Utah is moving to become a full voting member in the multistate organization pushing to let states begin collecting billions of dollars in sales taxes they say they are owed on online purchases.
The Beehive State was key in helping launch the movement in 2000, but then took a big step back in 2006 over a provision that would have required changing the way sales tax rates around the state were calculated.
Utah and online taxes
Utah will assume a leading role in the Streamlined Sales Tax movement this year.
State Rep. Wayne Harper, R-West Jordan, is set to ascend to the presidency of the governing board of the multi-state organization at the group’s annual meeting Sept. 18-20 in Salt Lake City.
State officials expect Utah’s petition for full membership will be effective beginning Oct. 1.
In a special meeting this week, the Utah Tax Commission voted unanimously to petition the Streamlined Sales Tax Governing Board for full membership. The main benefit, according to Commission Chairman Bruce Johnson, will be voting rights.
However, there’s also a chance the state could see a slight increase in revenue from online retailers who voluntarily collect sales tax from customers.
Currently, Utah receives about $4 million annually from those businesses, Johnson said, "it might go up a little bit."
Proponents of remote-sales taxation cite a study that estimate potential revenues of around $11 billion nationwide — including some $88 million to Utah.
Former Gov. Mike Leavitt was a big proponent of an online tax strategy, pointing to the hit to state budgets as commerce increasingly goes digital. He also argued it as a matter of fairness — that retailers with physical stores were required to collect sales tax while court rulings allowed online vendors to go tax free.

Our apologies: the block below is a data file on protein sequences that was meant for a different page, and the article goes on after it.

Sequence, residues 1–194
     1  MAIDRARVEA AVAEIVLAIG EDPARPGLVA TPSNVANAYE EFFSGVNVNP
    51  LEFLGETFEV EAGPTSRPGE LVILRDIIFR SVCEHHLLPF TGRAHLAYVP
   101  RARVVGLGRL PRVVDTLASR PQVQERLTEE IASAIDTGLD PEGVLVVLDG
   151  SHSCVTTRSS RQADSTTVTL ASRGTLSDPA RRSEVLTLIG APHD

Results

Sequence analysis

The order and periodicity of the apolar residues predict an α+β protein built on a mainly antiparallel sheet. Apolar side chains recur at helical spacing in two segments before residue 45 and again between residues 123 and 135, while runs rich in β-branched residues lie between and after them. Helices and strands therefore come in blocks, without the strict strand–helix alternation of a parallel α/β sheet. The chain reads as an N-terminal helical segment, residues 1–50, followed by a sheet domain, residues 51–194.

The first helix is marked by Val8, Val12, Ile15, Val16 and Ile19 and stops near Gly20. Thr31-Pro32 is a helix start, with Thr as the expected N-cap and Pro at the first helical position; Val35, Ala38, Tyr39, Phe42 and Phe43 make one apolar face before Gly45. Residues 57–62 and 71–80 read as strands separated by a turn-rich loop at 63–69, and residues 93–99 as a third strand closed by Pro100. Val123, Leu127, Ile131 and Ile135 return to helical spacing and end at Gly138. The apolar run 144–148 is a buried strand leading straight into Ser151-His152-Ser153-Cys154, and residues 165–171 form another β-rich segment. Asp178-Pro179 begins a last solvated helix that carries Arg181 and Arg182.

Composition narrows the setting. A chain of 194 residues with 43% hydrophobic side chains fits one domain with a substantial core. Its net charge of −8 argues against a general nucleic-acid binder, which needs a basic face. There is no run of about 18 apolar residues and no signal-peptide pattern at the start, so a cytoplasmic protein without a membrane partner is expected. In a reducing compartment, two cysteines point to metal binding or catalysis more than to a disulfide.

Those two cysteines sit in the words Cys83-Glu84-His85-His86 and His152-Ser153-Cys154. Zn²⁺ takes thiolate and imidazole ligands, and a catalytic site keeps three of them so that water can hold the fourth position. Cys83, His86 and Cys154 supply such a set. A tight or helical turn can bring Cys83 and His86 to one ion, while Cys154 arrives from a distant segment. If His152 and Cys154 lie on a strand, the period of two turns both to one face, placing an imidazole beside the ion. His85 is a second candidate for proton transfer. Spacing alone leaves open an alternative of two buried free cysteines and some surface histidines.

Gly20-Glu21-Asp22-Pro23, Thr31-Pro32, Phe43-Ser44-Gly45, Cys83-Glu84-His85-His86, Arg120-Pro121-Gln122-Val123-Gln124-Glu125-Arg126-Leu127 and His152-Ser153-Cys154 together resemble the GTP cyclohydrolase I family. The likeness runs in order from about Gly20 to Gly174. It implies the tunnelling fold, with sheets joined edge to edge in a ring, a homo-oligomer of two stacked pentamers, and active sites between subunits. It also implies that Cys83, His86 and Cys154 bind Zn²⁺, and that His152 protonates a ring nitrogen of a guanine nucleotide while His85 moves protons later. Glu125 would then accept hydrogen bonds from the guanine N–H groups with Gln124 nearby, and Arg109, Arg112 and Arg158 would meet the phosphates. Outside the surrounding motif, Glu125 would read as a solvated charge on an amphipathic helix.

Opponents counter that states shouldn’t expect out-of-state retailers to function as their tax collectors and that those retailers don’t use any of the state services that benefit in-state businesses. Under a U.S. Supreme Court ruling, states cannot force companies with no physical presence in the state to collect taxes.
"What we do oppose," said Jonathan Johnson, president of Utah-based Overstock.com, "is states trying to get remote sellers to collect sales tax for them in an unconstitutional way."
Most states, like Utah, have laws on the books requiring residents to report and pay the sales tax for online purchases — but few comply.
Therefore, says Johnson, while not technically a tax increase, collection of such levies "is going to feel like a new tax to people who have shopped on the Internet."
He said Overstock and others would support Congress passing an e-commerce tax law so long as it required states, among other things, to compensate companies for the time and expense of collecting taxes and to pay for and provide the necessary collection software.
Critics also point to the complicated overlay of thousands of taxing jurisdictions and rates nationwide.
Part of the goal of the streamlined sales tax effort is to simply the administration of collecting e-commerce taxes by having the participating states adopt uniform definitions of what is taxable and how rates are calculated.
Utah in 2006 balked at a requirement of the multi-state organization that all taxes be calculated based on where goods were delivered, rather than on point of sale.
The change can make a big difference. Sales tax rates vary in Utah from a high of 8 percent in Panguitch to a low of 5.75 in Fillmore.
But last month the organization amended its requirements to open the door to full membership to states like Utah that base in-state sales tax on point of sale, but use point of delivery to calculate remote sales taxes.
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